Sunday, March 3, 2013

Grill on Fire
I love to cook.  I hate to clean.  I will grudgingly clean my messes after I make them, and have recently learned to clean as I cook, which saves time in the end, but I still hate it.  Needless to say, aside from the grate, I have not cleaned my gas grill in more than a year.  Unfortunately, after all that time, the greasy build up is volatile, waiting for the right moment to ignite.

Have you ever looked down into the guts of your grill and seen the nastiness waiting below?  I use my grill frequently, and so I had more than a year of melted fat, carbonized grease, and mildly burnt meat parts, all built into a thick layer of detritus coating the bottom.  The way my grill is built, I would have to mildly exert myself to see the bottom - very mildly; the grates and the heat diffusers partially block the view.  And, I would have to be motivated to acknowledge how disgusting it is.  The grossness just gathers, fuel for a future fire. think the same can be said about ourselves.  If we looked deep inside, would we see the leavings of arguments unresolved, family and friend drama, social opinions we aren’t sure we really believe anymore?  These are all the elements of yesterday’s version of us.  As we grow and move towards who we are, we leave the remnants of who we were behind.  Sometimes, these little bits are just as flammable as the nast collected at the bottom of my grill.  The longer we ignore them, the more potent they become.
One of my menu items for this week was Teriyaki Chicken.  I use a recipe from my Dad, picked up from when we lived in Hawaii.  The recipe is simple.  Combine soy sauce, a homemade weak simple syrup, white onion, ginger, and garlic into a marinade.  Marinate chicken thighs and drumsticks overnight.  Grill.  Be prepared for flareups from melting chicken fat and dripping juice (the sugar).

I was ready to go.  I had my tongs for turning the chicken after eight minutes.  I had my timer.  I had my spray bottle for squirting the flareups.  I put the chicken on.

We are usually ready for personal flareups.  We know how to put out small fires and handle small dramas life throws at us.  Every once in a while a larger piece of our past catches on fire, but we deal with these as they come.  We don’t think about everything else lining the bottom, waiting for the big explosion. small flames are expected and manageable.  With a squirt here or a squirt there, I put out the fires quickly.  If they flare up too much, I move the piece of chicken.  This particular batch seemed to flare up quite vigorously, so I moved the chicken into the open spots between heat diffusers.  The grease and fat still dripped, but it fell in the depths of the grill instead of onto the diffusers right below.  Any flareups would be away from the chicken and wouldn’t lead to charred meat.  Smart right?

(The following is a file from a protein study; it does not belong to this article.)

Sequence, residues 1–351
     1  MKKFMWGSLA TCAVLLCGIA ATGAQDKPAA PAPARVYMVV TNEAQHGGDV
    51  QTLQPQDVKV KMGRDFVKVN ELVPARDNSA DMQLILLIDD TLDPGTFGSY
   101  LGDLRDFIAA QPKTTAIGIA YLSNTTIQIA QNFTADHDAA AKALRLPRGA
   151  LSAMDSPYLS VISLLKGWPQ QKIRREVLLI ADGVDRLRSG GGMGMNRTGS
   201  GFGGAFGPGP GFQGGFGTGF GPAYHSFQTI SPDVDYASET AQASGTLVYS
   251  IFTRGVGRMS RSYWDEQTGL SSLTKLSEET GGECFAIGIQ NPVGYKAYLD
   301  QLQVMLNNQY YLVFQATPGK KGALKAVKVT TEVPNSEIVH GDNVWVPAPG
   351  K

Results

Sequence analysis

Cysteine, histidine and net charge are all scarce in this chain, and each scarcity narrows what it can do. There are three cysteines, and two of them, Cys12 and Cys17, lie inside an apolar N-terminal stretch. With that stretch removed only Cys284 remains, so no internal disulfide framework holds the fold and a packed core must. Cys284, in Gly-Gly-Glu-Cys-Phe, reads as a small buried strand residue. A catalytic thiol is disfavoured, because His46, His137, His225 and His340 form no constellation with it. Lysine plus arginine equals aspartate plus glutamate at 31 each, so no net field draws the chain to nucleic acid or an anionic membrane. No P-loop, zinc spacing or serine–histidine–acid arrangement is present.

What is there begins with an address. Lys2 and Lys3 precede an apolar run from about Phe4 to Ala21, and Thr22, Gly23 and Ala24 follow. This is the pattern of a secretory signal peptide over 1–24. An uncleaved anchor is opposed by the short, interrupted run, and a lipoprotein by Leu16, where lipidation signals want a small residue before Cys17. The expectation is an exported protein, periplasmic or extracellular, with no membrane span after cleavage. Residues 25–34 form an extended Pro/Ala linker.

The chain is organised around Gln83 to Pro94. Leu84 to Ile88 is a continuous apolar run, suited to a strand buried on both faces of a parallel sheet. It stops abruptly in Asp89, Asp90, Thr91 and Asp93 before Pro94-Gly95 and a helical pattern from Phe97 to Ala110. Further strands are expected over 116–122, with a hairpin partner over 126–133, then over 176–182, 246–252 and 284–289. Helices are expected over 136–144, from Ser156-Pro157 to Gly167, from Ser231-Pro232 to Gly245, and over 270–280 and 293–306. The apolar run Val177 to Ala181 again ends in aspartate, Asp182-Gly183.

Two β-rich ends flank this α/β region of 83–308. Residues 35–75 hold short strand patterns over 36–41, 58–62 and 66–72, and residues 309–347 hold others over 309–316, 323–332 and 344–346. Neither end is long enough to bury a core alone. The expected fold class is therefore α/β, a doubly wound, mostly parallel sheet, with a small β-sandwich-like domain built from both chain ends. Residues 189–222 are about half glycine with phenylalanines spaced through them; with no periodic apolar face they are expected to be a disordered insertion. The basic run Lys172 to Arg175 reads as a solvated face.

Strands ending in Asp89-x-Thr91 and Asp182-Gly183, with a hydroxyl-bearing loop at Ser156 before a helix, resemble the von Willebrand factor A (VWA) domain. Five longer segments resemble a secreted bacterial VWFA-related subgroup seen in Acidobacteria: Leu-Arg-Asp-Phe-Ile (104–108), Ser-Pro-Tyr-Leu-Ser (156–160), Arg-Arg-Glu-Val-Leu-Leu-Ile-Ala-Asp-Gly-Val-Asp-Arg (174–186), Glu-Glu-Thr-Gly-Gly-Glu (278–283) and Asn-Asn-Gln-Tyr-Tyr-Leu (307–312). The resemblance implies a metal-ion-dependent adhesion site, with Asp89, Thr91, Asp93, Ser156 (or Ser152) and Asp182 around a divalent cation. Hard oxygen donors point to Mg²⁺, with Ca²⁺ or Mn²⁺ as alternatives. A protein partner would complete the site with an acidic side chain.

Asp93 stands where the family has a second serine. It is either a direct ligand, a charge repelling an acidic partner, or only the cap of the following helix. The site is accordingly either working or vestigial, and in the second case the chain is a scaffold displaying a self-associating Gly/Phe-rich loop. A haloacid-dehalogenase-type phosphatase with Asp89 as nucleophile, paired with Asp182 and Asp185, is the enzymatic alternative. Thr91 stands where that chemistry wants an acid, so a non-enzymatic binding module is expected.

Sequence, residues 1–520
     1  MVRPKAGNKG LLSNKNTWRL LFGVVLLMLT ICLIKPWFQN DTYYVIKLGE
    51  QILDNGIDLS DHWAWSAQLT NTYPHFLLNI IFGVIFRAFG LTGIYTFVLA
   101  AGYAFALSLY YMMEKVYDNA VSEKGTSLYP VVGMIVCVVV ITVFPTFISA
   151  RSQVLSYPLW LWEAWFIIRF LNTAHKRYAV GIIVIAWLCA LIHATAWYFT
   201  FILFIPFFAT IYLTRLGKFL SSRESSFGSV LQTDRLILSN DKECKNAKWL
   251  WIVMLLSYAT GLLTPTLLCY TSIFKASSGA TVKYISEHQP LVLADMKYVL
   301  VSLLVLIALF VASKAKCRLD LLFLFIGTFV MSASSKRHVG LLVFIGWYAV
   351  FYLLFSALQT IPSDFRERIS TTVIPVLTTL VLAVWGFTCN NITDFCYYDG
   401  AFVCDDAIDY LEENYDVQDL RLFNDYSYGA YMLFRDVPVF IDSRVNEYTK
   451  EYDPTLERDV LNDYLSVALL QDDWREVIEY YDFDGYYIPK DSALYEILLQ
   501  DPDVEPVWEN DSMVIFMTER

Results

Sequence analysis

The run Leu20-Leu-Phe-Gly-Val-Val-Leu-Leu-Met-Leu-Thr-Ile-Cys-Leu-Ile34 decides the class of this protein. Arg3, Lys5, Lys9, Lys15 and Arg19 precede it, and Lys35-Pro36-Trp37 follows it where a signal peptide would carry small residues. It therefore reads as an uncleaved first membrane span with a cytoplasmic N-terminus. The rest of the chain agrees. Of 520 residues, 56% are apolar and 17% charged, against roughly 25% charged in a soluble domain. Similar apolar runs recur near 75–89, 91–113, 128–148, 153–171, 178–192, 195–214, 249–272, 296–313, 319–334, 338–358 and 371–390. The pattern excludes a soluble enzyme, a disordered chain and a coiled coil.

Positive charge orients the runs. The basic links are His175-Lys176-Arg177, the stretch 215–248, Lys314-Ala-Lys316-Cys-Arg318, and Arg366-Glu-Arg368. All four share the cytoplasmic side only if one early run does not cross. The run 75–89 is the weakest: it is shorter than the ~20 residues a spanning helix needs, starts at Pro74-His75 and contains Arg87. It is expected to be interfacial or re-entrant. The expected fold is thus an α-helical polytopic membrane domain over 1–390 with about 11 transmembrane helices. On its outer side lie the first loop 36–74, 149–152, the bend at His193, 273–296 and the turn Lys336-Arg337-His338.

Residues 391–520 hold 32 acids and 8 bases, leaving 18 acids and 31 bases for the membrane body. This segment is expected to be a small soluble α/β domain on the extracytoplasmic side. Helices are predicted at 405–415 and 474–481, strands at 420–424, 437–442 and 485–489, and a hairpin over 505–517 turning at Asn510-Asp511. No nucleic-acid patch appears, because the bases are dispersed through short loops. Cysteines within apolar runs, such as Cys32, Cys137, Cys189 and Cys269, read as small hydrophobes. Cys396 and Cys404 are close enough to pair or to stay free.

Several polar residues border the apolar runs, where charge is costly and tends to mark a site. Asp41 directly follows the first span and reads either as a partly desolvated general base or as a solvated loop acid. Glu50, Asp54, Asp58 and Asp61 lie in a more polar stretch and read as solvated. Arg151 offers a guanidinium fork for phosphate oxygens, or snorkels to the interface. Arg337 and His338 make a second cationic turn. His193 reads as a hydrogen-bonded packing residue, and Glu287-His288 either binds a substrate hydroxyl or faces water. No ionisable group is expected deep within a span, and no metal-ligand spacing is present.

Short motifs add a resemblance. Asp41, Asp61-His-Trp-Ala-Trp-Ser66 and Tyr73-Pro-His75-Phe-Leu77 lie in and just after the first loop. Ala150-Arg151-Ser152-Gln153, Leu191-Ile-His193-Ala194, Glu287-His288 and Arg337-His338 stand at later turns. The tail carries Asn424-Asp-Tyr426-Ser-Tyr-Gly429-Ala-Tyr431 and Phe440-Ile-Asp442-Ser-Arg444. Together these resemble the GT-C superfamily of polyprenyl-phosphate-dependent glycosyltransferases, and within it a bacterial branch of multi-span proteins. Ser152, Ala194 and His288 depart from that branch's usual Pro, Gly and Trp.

Well, this plan, while seeming intelligent at the time, didn’t end up that way.  See, the chicken still dripped.  And there were still some flareup on the grate and on the diffusers, just not as many.  And I still sprayed them with the squirt bottle.  And the water from the squirt bottle would scatter the flaming grease, knocking it to the bottom.  Where it would land on freshly dripped grease.  Where it would flare.  And ignite a year’s worth of fuel. you ever seen a grease fire?  It is quite magnificent.  The way it ignores water as if it isn’t even there.  The way it just bigger as it finds more fuel, burning through a year of my laziness.

I have seen some spectacular meltdowns in my life and participated in a few.  People who haven’t dealt with their own issues, burying them deep below the surface, hoping they won’t ever ignite again.  I can remember doing the same thing beforehand.  Leaving them there, ignoring the need for a resolution, creates a flammable situation, sure to explode some point down the road.  

After emptying my squirt bottle to no effect, I ran inside and grabbed the baking soda and dumped it on the flames.  It wasn’t enough.  Thankfully, we had a second box and I doused the remaining flames with the white powder.  My hand has now been forced.  If I plan to use my grill again, I have to clean it.  

We can never plan for the explosion, preparing before hand to manage it.  All we can do is deal with it when it arrives.  Avoid burying issues; deal with them instead.  Look deep, clean out the garbage, take care of yourself.  Avoid the fire before it happens.

About my meal?  Don’t worry.  I took the chicken off before putting out the fire.  It was delicious

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